Free Will Conundrum (1)

It is for my 2017. Whenever I look back, my life is equal parts wonder and blunder. Many things that I believed to be true are untrue now. As an analogy to a term coined by philosophers of science, the pessimistic induction , because many of my beliefs have been wrong, many of my beliefs are wrong …… How can I reconcile my messy value system? Stay foolish; Stay open. Ok, let’s back to the point. The following are some of my wrong (or unsure) beliefs:

  1. Human beings have free will.

    I have been telling myself that the reason for hard work is to have the right to choose the job I like instead of being forced to make a living. When your work has a meaning in your heart other than earning money, you feel fulfilled. When your work becomes part of your life not deprives your life, you have dignity. With fulfillment and dignity, you will be happy. Everyone wants to be happy. So do I. A premise for all of these is that human beings have free will. Or life loses its meaning. So I have never doubt free will until this year. After all, I can’t help questioning: how much free will do we have? It is the most disturbing question in 2017. I will try to sort this out in a separate post.

  2. Time heals everything.

    I have heard this sentence again and again from different people including my dad. That is not true. Time helps you select and transform. Time reveals what you can’t let go as well as what doesn’t matter to you. There are things you probably can’t forget all your life. Just live with it until it becomes part of you. There are also things you thought you would always remember, but you do forget. Not to mention that “Memory distortions are basic and widespread in humans, and it may be unlikely that anyone is immune.”. So it is our brain that does the magic. All our experiences (joy or suffering), thoughts we have had, things we have done, all is not lost even it is past. We blend and transform all into being. As Dostoevsky said: “There is only one thing that I dread: not to be worthy of my sufferings. “ Time doesn’t heal. We do.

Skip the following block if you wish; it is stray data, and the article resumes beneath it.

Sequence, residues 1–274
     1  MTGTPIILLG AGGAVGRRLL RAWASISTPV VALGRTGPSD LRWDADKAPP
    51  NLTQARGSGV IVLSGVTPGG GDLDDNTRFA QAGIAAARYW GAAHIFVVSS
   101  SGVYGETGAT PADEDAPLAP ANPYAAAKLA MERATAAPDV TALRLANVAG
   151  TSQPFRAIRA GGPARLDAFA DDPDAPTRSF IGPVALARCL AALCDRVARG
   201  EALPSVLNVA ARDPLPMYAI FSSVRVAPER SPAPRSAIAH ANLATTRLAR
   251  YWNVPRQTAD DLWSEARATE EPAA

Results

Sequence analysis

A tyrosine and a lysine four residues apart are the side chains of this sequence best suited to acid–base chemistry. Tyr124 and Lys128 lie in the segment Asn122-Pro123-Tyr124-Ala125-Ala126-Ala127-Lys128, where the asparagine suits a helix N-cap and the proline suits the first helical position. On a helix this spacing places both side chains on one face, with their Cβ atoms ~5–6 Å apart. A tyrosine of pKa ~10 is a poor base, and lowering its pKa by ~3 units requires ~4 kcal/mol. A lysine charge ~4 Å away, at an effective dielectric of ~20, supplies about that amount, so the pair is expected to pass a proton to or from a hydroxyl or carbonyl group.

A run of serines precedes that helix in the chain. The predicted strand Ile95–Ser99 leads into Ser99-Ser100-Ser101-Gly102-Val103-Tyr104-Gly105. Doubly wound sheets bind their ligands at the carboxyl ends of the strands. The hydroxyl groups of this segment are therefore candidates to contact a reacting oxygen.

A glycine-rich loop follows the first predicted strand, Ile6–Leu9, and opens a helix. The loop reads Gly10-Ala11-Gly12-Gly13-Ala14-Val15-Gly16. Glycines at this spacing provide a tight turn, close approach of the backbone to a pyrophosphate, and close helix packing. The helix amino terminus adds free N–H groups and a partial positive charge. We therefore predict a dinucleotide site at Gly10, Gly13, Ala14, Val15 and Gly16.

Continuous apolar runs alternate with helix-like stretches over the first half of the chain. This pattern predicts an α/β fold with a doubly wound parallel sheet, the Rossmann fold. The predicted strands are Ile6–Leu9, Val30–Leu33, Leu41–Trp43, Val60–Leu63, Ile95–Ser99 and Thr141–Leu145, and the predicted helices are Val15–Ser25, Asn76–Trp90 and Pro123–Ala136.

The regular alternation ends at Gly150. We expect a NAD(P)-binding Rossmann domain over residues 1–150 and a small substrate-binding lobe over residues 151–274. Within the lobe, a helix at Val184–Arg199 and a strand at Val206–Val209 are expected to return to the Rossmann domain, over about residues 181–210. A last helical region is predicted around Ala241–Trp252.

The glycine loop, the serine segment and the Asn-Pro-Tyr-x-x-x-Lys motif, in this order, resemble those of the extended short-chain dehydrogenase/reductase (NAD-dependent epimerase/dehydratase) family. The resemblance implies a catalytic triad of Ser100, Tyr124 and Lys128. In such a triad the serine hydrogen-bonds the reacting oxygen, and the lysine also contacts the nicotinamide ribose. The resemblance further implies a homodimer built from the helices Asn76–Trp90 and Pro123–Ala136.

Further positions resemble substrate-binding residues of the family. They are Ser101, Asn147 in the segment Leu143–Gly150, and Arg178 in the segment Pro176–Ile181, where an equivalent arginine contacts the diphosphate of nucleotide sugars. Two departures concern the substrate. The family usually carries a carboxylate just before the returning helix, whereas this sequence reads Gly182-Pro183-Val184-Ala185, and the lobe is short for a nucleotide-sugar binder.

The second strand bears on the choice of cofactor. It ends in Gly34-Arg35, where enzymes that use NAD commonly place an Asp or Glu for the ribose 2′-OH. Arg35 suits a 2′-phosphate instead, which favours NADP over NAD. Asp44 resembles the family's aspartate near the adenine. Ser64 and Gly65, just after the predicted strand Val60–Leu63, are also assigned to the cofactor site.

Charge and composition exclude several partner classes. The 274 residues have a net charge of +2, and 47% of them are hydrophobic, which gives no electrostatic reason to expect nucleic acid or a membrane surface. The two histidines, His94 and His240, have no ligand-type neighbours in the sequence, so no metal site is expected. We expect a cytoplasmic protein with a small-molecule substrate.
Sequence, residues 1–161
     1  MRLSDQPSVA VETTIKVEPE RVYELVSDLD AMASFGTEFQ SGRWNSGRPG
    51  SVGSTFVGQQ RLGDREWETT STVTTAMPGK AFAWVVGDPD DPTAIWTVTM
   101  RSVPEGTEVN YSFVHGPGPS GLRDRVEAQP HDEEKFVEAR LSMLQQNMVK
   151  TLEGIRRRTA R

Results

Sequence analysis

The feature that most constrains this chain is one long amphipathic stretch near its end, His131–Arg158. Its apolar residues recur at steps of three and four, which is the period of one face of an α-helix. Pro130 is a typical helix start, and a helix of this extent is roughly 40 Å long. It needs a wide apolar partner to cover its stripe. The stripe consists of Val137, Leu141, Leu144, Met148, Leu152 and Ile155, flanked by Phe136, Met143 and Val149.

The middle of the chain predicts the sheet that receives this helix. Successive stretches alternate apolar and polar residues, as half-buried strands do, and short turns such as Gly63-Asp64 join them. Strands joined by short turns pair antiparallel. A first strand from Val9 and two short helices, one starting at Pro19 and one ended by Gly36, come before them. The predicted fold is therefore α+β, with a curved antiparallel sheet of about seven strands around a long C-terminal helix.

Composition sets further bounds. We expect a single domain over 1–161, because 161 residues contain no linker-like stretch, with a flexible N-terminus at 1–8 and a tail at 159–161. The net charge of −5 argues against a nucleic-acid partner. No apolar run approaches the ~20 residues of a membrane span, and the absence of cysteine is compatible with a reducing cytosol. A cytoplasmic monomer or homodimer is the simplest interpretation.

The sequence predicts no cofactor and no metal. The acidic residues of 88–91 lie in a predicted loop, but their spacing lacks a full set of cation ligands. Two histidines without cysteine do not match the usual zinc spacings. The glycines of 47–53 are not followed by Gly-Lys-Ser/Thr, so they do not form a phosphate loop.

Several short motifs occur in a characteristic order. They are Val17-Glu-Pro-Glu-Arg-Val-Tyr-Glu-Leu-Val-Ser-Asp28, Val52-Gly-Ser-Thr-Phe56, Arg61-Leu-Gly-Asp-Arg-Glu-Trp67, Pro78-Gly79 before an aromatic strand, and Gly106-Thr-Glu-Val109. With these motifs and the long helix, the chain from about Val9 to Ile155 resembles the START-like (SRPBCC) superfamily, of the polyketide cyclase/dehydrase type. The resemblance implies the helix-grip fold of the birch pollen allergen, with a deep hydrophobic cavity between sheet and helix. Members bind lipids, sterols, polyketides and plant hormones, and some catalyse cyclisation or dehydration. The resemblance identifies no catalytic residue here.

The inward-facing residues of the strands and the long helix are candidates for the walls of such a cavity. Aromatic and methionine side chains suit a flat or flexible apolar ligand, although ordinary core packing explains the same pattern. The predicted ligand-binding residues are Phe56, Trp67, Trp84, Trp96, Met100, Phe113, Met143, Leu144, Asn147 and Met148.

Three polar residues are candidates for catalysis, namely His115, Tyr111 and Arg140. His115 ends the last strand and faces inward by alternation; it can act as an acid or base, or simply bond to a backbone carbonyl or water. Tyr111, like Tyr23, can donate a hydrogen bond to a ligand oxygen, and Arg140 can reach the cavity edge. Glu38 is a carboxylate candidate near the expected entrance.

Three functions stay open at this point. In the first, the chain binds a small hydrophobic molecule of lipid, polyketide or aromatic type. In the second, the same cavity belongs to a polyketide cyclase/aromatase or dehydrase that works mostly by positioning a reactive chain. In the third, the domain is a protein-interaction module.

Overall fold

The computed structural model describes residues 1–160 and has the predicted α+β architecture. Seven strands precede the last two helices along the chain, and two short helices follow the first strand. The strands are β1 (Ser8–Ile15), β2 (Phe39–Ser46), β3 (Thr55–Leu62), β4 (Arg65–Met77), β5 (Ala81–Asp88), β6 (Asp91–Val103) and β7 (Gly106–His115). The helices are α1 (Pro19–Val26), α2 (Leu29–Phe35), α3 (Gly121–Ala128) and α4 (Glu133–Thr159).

3. Men Are from Mars, Women Are from Venus.

    It is NOT true. We are both from the Earth. On most of the topics of interest to relationship science, men and women usually overlap so thoroughly that they are much more similar than different. [1] It is more accurate to say that “men are from North Dakota, and women are from South Dakota”[2] Sex difference in intimate relationships tend to be much less than people usually think. [3] We should do something to fix the wrong gender stereotype.

  4. Politics is dirty.

    Politics always involves a negative connotation: sucking up, scheming and manipulating. It is like we tend to posit a positive connotation on “culture” which is my next point. But I’d instead treat it as neutral. Politics is everywhere which is like love, joy, sadness, birth, death, etc. It exists, and we need to deal with it when we have to. It is neither good nor bad but just a fact of life. As long as people with different goals, interests, and personalities try to work together, there will be politics. The morality of it depends on the motives and goals of the players and the means by which they achieve these. In fact, defining morality itself is an extremely complicated (if possible) problem. For more about this, you can refer to the Trolley Problem and some related discussions [4].